Thursday, May 5, 2016

Writer's Block And Humility.

There's one universal trait shared by all writers, no matter how proficient, successful, mundane or awful. We experience a moment where we simply can't think of anything to put into words. Hence, the eponymous writer's block. This is one of those evenings for me. I've stared at my computer monitor for nearly forty-five minutes, lacking any real sense of inspiration for a subject. I've scanned US and international news reports. I have spent ten minutes researching duct tape. Hell, I even watched a video on juggling flaming knives. Sometimes, you have to admit defeat and walk away from the keyboard. There's no shame in failure.

Writing is essentially an exercise routine for the brain. Like any other muscle in your body, it can grow strong and healthy. Using your brain regularly has actually been shown to stave off Alzheimer's disease in your later years. Day in and day out, a writer drags their brain into the proverbial gym. Ugh, let's lift bro! Five hundred word reps! Bench press a thesis! Ride an elliptical around your opening paragraph. WORK OUT!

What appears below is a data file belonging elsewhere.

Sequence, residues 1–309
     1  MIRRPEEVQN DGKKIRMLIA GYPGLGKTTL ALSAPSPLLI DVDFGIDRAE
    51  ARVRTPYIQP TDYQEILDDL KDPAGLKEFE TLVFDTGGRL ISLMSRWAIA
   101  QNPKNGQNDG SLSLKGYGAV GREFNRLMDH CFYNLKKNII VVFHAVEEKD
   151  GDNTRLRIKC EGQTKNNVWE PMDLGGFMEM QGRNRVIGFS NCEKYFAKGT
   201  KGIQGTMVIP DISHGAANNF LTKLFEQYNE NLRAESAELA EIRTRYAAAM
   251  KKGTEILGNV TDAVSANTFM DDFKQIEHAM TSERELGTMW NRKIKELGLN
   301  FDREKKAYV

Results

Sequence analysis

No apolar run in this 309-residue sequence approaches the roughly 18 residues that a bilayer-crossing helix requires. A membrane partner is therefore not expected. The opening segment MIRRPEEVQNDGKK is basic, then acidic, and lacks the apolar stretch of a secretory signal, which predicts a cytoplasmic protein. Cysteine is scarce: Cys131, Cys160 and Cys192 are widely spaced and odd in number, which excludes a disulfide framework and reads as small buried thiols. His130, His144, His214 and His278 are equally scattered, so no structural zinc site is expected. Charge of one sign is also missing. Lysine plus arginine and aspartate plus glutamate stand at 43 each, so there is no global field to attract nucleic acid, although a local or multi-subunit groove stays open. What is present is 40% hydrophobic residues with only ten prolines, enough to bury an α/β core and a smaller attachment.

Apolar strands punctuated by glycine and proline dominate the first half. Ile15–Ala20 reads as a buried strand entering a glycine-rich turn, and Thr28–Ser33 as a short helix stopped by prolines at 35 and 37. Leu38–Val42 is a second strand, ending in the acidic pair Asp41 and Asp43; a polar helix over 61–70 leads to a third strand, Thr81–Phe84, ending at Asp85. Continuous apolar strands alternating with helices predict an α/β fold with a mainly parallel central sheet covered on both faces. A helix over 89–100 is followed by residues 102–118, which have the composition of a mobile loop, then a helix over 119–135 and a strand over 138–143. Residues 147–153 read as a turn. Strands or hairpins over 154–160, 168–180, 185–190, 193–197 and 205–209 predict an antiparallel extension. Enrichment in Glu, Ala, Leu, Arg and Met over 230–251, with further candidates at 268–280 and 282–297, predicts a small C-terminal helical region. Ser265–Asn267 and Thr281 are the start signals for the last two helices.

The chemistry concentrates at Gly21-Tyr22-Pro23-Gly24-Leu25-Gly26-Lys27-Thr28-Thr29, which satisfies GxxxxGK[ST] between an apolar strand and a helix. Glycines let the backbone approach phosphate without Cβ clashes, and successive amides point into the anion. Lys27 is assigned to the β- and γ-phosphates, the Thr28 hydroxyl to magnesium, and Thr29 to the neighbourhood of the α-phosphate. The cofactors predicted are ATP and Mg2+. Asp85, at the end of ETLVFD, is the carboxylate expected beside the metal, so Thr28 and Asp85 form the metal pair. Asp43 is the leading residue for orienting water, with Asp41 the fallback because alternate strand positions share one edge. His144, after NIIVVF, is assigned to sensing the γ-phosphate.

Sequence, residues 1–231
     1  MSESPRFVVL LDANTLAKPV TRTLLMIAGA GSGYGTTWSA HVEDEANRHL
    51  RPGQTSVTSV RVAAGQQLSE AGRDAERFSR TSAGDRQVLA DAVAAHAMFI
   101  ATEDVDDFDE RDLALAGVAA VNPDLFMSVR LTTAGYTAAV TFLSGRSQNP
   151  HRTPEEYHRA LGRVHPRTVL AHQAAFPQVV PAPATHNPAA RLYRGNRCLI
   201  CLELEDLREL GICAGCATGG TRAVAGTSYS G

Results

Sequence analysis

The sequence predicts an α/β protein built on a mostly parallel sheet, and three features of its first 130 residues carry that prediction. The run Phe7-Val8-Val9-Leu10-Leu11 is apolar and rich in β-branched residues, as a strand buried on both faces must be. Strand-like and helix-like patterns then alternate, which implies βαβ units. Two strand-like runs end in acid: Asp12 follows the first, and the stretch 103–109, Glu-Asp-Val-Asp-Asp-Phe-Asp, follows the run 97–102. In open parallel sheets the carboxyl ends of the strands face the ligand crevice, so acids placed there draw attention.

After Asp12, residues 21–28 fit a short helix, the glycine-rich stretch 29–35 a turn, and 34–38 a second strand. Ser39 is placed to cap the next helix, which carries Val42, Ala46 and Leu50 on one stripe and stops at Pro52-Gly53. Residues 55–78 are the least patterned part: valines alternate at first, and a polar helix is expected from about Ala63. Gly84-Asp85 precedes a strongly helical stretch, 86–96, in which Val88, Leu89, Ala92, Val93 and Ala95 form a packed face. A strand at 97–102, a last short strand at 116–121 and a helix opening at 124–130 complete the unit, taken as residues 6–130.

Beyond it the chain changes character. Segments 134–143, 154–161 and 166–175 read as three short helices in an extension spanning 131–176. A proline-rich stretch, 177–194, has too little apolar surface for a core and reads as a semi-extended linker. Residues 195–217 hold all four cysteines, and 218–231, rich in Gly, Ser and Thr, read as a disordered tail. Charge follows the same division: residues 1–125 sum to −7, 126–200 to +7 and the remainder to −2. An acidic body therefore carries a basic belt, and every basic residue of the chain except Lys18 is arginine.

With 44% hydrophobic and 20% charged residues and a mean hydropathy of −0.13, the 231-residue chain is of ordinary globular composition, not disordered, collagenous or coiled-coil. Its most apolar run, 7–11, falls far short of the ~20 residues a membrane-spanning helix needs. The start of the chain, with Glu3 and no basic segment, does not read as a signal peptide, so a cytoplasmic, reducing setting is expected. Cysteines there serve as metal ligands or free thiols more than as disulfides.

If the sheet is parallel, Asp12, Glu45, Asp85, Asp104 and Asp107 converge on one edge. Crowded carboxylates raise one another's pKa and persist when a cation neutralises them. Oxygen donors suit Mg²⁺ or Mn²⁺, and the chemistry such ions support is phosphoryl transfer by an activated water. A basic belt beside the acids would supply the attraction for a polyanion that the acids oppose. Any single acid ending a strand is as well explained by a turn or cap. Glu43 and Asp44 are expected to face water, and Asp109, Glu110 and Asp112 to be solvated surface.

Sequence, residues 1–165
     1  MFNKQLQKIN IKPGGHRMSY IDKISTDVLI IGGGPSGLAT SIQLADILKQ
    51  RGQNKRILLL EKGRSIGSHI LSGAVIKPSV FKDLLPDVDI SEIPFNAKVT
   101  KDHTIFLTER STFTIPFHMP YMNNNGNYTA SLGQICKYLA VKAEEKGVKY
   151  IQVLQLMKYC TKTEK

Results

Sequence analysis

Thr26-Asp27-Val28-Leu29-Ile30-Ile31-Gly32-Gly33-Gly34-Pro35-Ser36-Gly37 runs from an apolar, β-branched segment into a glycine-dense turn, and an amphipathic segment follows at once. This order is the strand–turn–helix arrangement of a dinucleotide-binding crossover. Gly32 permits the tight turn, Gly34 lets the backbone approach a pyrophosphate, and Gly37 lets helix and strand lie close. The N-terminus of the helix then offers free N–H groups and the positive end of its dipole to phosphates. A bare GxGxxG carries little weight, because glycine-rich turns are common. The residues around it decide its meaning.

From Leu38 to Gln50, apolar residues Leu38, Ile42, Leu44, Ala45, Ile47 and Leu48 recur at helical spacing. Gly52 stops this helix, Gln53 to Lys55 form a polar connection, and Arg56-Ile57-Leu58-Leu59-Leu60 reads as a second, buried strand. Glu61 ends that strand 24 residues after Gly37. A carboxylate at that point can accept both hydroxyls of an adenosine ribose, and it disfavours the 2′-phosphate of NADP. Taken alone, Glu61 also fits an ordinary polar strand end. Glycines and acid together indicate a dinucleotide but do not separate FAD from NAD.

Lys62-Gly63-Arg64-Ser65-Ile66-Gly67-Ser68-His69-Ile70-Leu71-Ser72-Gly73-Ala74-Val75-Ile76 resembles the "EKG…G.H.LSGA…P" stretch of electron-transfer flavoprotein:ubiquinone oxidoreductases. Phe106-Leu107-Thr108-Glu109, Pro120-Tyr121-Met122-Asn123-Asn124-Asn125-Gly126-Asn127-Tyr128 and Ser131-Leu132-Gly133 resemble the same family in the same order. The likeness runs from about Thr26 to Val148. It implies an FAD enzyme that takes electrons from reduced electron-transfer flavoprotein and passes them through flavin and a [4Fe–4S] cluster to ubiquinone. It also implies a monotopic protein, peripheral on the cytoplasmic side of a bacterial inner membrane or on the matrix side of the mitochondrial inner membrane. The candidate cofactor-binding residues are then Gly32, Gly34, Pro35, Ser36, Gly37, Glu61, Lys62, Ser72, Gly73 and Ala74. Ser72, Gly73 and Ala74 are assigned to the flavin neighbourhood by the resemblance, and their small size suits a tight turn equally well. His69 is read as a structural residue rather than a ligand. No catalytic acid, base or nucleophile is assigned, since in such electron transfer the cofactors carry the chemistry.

And yet, just like going to the gym, some days the gears in your head don't click into place. Something is off. You can sense it in your gut. That's writer's block, standing in the corner next to the frozen smoothie stand with his overly damp Strawberry Shortcake towel in hand. He's yelling at you in a high-pitched voice, doing his best imitation of Gilbert Gottfried on bath salts and too much Red Bull.
"Give it up clown! You suck!"
You know what? He's right. You suck... today. Not everything a writer pieces together is a masterpiece. In fact, most of the time, a writer creates something that's already been done. Or, they craft a work of complete crap. Worse yet, there are some moments when nothing is written at all. That's the way writing goes, though. For every Wuthering Heights and Brave New World, there are hundreds of terrible novels like Fifty Shades of Grey. Writing, like anything else, is an exercise in humility. Fruitful writers are honest with themselves and their readers, confessing personal shortcomings and working to improve them. They know when to throw in the towel and submit to writer's block.

So what's the take-away from all this? The persistent writer will rise to fight another day. He'll walk into that mental gym and kick writer's block squarely in the nards! Na-ah. Not today, buddy. On this day, I say "You suck, clown!"

Huh... I guess I didn't have writer's block after all.

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